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Macon NAACP President Runs For City Council Seat



By Amanda Smith




Macon branch NAACP President Cartese Dillard has announced her candidacy for Macon City Council seat, Ward 3, Post 1. 


In her second term as NAACP President, Cartese has been employed with the Medical Center of Central Georgia for 13 years and has been devoted to serving the Macon community all her adult life through civic and political affiliations, including the following:


·        Member, Democratic Women

·        Member, Women’s Political Organization

·        Battered women’s advocate

·        AIDS awareness advocate

·        Georgia State NAACP District 11 Coordinator

·        Special Needs Advocate

·        Big Brother/Big Sister Mentor

·        Ingram Pye Elementary After School Volunteer


Cartese has accomplished much in her endeavors.  Named one of “40 Under 40” of the young, gifted, and black across Georgia by the Georgia Informer, she was also the 2006 organizer of the Back To School Extravaganza and holds the distinction of being the youngest NAACP President in the state at just 35 years old.


If elected to Macon City Council, Cartese would like to concentrate her skills and experience on crime prevention, economic development, neighborhood development, youth and senior citizens’ programs, unity, and the city’s finances.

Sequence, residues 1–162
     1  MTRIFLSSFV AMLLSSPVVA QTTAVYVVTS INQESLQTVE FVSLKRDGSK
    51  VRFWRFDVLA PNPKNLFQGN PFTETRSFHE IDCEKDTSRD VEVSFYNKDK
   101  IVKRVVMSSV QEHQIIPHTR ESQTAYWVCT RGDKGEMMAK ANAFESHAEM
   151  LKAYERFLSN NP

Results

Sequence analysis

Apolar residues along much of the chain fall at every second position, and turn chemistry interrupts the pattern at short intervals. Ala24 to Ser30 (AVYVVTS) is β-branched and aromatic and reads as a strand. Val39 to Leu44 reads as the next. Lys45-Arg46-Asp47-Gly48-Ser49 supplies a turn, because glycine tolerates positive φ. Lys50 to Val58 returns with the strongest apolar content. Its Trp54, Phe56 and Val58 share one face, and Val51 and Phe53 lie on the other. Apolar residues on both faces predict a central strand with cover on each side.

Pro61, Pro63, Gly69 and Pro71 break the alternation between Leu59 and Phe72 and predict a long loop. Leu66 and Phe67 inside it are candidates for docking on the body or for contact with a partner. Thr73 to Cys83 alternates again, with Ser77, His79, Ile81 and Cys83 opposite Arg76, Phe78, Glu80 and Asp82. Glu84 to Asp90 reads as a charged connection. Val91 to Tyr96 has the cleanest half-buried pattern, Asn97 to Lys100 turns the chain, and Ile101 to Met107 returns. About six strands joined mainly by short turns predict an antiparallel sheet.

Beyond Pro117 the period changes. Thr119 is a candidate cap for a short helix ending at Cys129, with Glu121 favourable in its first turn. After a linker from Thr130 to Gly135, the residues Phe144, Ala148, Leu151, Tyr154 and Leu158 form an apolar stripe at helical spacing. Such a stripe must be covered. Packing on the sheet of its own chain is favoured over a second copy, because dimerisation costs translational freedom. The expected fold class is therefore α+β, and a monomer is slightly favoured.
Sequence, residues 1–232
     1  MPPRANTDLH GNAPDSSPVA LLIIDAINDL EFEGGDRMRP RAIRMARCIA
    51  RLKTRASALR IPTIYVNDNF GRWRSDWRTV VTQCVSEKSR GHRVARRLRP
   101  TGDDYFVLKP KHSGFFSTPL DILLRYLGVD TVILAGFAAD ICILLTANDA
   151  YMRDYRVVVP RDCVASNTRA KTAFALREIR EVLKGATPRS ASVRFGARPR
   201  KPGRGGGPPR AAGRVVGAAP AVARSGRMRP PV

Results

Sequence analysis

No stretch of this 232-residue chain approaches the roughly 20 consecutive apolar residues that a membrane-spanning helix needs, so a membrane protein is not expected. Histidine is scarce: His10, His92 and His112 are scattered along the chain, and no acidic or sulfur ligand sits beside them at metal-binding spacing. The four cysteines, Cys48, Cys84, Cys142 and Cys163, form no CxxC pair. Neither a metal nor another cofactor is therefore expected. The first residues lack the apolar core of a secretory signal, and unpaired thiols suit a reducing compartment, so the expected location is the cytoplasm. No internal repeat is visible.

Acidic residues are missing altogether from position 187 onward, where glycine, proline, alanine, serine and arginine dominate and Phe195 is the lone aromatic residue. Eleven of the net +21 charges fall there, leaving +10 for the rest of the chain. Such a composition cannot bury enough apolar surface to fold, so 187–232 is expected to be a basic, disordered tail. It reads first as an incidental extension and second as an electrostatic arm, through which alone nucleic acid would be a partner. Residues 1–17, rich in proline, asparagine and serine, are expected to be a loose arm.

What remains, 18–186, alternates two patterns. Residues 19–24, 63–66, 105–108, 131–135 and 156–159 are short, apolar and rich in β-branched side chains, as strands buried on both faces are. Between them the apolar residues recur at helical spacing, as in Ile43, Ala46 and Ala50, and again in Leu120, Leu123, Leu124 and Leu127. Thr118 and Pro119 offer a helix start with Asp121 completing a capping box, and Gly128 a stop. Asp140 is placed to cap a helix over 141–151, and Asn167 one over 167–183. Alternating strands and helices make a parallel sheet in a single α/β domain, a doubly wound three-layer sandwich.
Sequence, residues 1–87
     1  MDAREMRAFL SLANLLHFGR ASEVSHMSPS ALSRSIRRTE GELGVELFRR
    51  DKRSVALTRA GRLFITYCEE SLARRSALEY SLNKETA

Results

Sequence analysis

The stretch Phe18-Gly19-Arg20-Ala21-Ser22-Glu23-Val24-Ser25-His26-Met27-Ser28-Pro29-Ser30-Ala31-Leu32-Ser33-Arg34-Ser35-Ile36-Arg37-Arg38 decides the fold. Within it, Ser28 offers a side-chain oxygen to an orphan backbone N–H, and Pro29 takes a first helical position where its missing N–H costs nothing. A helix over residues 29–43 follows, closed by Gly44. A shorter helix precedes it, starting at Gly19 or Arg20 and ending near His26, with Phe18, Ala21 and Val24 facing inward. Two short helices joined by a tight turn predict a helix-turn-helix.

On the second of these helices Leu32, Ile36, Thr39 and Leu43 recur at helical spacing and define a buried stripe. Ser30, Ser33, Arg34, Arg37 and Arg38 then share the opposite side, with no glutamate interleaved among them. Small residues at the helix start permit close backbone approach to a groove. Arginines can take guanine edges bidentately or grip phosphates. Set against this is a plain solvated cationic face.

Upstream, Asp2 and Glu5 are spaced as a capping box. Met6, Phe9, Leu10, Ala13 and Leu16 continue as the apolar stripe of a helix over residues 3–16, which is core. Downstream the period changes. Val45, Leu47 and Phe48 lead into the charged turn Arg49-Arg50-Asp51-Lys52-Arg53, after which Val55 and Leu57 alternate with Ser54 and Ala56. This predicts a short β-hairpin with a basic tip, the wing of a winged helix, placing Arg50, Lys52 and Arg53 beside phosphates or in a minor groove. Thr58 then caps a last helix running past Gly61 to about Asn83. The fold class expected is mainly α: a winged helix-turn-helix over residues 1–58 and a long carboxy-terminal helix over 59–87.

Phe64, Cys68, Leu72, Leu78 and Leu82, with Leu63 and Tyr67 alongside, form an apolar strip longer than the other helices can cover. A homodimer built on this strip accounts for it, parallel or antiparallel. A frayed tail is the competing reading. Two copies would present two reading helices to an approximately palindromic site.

Cartese is the daughter of Thelma Dillard and the niece of Bert Bivins, long-time civil rights activists.  Her grandmother, Hester Bivins, signed the original suit to integrate the Bibb County BOE, and her aunt Shirley Bivins was listed in Shirley Bivins vs Bibb County Board of Education.  Uncle James Bivins (the first African American Fire Chief for Fire Prevention for the Bibb County Fire Department) and Aunt Linda Bivins (the first African American principal of Alexander II Magnet School) are just two more examples of an entire family rich in civil rights history.  Cartese feels that this gives her an edge over her opponents.  “Because I am a third-generation public servant, I am dedicated to serving my community,” she said.  “I have a proven record of leadership and I believe the people of Macon are looking for a person of integrity who has their best interest at heart; someone to be a voice for them.  I feel like the torch of public service has been passed to me,” she concluded.




You are Visitor #  Hit Counter   Updated Wednesday April 05, 2006 12:40:42



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